There is a fundamental flaw in Salesforce.com's terms and conditions that puts customers at risk of losing access to services in the event of a third-party software vendor going out of business, according to voice provider Resilient Networks' CEO, Andrew Bale.
Resilient Networks uses Salesforce.com across the majority of its business functions.
The problem, said Bale, centres on the lack of an escrow agreement between Salesforce.com and its customers. With most traditional software products, an escrow agreement is put in place between a customer and a vendor, so that if the provider of software goes out of business and the software is discontinued, a customer can go to a third-party organisation (an escrow organisation) and ask for the source code to carry on using the software.
"If the provider of the software collapses I can go to the escrow organisation and give them a key and they will say, ‘Great, let me check if the vendor has gone and if so we'll get the source code to you'. Then I can bring in the source code and I can run it and it works fine," Bale told Computing.
However, Bale said that such a possibility is not the case with software-as-a-service (SaaS) platforms such as Salesforce.com and Amazon Web Services.
"If a third-party vendor – not Salesforce – built some software that performs well on Salesforce's platform and it gets pushed down to us through the app store it is called a managed package. If the company providing that managed package goes out of business then suddenly its software might stop working overnight because we don't know the relationship between this organisation and Salesforce – Salesforce could have turned it off," Bale said.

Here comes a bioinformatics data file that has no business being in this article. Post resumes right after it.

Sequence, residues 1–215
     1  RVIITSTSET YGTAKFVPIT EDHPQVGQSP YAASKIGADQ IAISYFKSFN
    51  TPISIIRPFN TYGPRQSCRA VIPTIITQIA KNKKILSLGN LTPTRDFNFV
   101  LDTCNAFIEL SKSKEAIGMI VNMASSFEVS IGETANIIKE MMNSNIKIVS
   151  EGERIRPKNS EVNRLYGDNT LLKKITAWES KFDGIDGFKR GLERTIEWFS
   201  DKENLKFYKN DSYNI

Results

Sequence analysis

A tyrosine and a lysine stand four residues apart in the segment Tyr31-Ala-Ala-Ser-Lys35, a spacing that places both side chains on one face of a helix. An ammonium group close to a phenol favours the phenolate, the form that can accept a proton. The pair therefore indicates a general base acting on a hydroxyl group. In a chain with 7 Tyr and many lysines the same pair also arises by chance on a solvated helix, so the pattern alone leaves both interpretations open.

"Historically, you could handle this by using some sort of source code but I can't go to the third-party vendor to get the source code because they've gone, I can't go to Salesforce as it has a relationship with the third-party vendor not myself, and I can't go to any escrow agent because there is no fourth-party arrangement possible," Bale said.
But Bale was especially frustrated at Salesforce.com's lack of acknowledgement on the issue.
"Salesforce don't recognise us as having anything to do with [the third-party vendor] and so would be entitled to refuse to have anything to do with it, so we could spend a lot of money on purchasing software that, if the company goes out of business, we have no access to. Salesforce's legal team refuses to acknowledge that there is a problem," he said.
Bale was interested to see how the industry moves forward and if SaaS platforms can incorporate a similar escrow agreement to that used with traditional software products.
Salesforce.com has declined to comment on the matter.